Cells that are deficient in homologous recombination repair are therefore unable to repair these DSBs, ultimately resulting in cellular death image

BRCA mutations and PARP inhibition

BRCA1 and BRCA2 (collectively known as BRCA) are human genes that play a central role in repairing DNA DSBs via the homologous recombination pathway.8

BRCA mutations are an example of one type of mutation that can result in HRD. The presence of a BRCA mutation in a patient is therefore another marker that can be used to select patients that might be sensitive to PARP inhibition pathway.9,10

LYNPARZA selectively induces cancer cell death by inhibiting the function of PARP, in combination with the BRCA mutation (absence of functional BRCA).9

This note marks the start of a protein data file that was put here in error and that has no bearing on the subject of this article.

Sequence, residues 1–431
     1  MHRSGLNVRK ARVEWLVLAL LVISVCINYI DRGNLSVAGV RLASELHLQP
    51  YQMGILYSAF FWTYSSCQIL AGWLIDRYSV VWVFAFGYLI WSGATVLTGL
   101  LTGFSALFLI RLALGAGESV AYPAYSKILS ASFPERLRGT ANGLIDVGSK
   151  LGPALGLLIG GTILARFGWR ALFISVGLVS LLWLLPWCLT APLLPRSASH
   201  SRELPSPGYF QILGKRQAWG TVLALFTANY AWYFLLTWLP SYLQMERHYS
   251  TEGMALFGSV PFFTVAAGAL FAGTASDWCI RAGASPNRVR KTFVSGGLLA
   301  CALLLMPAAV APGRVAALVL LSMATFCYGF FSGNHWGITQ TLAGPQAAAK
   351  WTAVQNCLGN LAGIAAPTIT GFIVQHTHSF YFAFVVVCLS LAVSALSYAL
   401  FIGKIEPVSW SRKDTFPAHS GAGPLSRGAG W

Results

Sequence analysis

Approximately 22% of high-grade epithelial ovarian cancer patients carry a BRCA mutation which can be confirmed by genetic testing.8,11–13

22% of epithelial ovarian cancer patients carry a BRCAm  image

References

  1. NICE guidance on olaparib for maintenance treatment of ovarian, fallopian tube or peritoneal cancer that has a BRCA germline mutation after response to first-line platinum-based chemotherapy. Available from: https://www.nice.org.uk/guidance/indevelopment/gid-ta10257.
  2. LYNPARZA 100 mg and 150 mg film-coated tablets Summary of Product Characteristics.
  3. LYNPARZA 50 mg hard capsules Summary of Product Characteristics.
  4. NICE guidance on olaparib for maintenance treatment of relapsed, platinum-sensitive, BRCA mutation-positive ovarian, fallopian tube and peritoneal cancer after response to second-line or subsequent platinum-based chemotherapy. Available from: https://www.nice.org.uk/guidance/ta381
  5. Aly, A. & Ganesan, S. BRCA1, PARP, and 53BP1: conditional synthetic lethality and synthetic viability. J Mol Cell Biol 3, 66–74 (2011).